Pollyann Lepping shares her reflections on being a volunteer
It was fun to be young and single and do crazy stuff, running wild and free.
But it is empty when you do not answer your call.
I was the wild one in my family and then felt a tug – being pulled to a life that includes God and focuses on my fellow country men and women.
I am from a well-known and loving family.
At the age of 28, just before Easter, I heard this call – a sort of deep desire – to teach and share my knowledge, understanding and skills, to live a mission life.
At first, it was hard telling my family about my new life, but, I soon came to realise that telling them the truth would help me in my journey ahead.
From then on, I came to see that I was leaving behind a ‘not-so-good life’ and in exchange received a ‘much better life’.
SERVICE to HELP and INSPIRE
During lent and Holy Week, my almsgiving resolution was to help the flood victims at Bishop Epalle Catholic School, Rove Evacuation centre.
We did what we could together with other youth members of Bishop Epalle Mass Centre, to assist and help the victims as they came to terms with the disaster that struck our country.
This made me realise who I am and what I am supposed to do in future.
After getting back home one night I went through a few booklets of the life of Don Bosco.
The Salesians of Don Bosco are in the Solomon Islands and educate the young to be ‘Good Christians and Honest citizens’.
I contacted Fr. Ambrose Pereira sdb, and he guided me on the path of my long desired ‘call to serve.’
It was a big move for me, as I am still doing my studies at the Solomon Islands National University and my family wanted me to finish my studies first, but I see this as an opportunity not to be turned down.
Moving to a new place, living with new people and the hardest part was ‘no betel nut or alcohol’ allowed!
But I did get through with the support and words from Fr. Ambrose and my parents. Life for me, as a new member of the Boscoian family has been challenging, but a wonderful experience for me.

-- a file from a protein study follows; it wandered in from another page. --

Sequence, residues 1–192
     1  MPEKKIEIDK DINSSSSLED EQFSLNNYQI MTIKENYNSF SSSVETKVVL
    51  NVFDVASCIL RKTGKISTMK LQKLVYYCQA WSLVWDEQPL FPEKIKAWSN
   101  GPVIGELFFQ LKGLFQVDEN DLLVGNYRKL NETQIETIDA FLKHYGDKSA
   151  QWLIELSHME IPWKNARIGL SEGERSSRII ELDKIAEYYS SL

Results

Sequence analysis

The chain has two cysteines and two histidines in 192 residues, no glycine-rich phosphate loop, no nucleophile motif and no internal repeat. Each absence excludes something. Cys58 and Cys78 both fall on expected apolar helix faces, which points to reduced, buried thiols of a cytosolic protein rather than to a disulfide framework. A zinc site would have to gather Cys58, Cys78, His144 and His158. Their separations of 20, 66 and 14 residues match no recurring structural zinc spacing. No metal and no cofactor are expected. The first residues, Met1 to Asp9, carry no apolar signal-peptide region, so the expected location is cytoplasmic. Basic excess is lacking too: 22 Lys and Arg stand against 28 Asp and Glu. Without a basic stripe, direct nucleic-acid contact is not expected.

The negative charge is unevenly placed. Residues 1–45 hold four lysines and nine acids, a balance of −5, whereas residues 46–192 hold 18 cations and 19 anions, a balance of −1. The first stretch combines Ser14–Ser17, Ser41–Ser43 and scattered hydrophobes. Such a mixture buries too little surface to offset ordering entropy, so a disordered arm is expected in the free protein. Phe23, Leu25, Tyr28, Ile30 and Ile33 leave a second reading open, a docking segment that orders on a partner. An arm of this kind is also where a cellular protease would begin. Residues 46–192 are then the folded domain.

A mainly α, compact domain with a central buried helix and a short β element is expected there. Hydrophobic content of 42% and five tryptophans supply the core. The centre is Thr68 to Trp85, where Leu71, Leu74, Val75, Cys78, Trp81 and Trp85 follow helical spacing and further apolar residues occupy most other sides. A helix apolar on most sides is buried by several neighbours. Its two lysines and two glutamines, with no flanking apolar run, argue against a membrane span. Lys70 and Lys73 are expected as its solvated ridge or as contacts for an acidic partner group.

Being an educator
I have committed myself to be a volunteer for three months at Don Bosco Technical Institute, Henderson.
As a volunteer–instructor, I have been assigned Trade Drawing, Maths and Computers. It’s a full load of 30 classes, with extracurricular activities and occasional sessions on the weekend.
I realise that a few of the students do not do have the right attitude and do not do what is required.
I hear some say: ‘That’s not the Boscoian way’. My constant thought is, ‘What do I need to do to guide our students’.
It is difficult to make sure we are up to standard. But that is what I am here for. I realise that, helping and reaching out to others has built me up as a person and helped me appreciate the importance of my loving and caring family.
The few first weeks were tough as I am not a trained teacher and I did what I learnt from my teachers of the past.
I had these stage-fears or phobias of being in front of a class. I have got over it and now have the courage to speak, write and draw without trembling hands and butterflies in my stomach! I am encouraged by the Salesians, who would lift my burdens up with words of hope.
Abiding by the rules that is expected of me as a teacher and showing them a good example, reminds me of growing up with the strict discipline of home and family.
I now see the importance of it all. These new turns of my life have made me realize the struggles my parents faced to bring me up.
I thank them for what they have done and understand the challenges they have gone through.
I miss my family, but I do not feel alone because the Bosconian family is now my family, and Don Bosco, Henderson is now my home away from my home!
Being a local Volunteer
Over the years, I have been in contact with many overseas volunteers who have come to share their time and talent with us in the Solomon Islands.
Their lives have touched me and I have grown. Reflecting on what they did, I decided to volunteer as well.
Being a local single female young adult, I want to take up the challenge to being at the service of my fellow Solomon Islander youths.
Being a ‘Volunteer’ has this very clear outline.
I am ready to share my knowledge and skills of my trade and I am given an allowance to cover up travel and food for the day.
This is what gives me great joy and satisfaction.
Pondering over my years past, I see that I have come a long way, from a little kid who thinks she doesn’t have a purpose in life to a youngster whose life is motivated and has a direction.
I realise that perhaps I have been a problem child who hated discipline. I am now an educator, whom young people look up to for guidance and inspiration.
Sometimes, I feel the tension to return to the life I left behind, but deep down, I know that following this path is the right way.
Every step is a step closer to getting to understand who I am in my parent’s eyes and to know the purpose of my life and God’s plan for me as I continue to serve Him through the young I teach, educate and inspire.
I realise that life is worth it, because He has offered me a possibility and I am the one to choose freely.